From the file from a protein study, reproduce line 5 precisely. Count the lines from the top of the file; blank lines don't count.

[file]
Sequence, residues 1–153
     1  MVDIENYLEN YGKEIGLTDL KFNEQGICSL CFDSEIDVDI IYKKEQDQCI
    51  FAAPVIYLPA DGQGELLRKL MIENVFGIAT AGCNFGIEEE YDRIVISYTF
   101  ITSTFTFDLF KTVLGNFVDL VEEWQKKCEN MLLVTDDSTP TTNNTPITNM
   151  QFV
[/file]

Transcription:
   151  QFV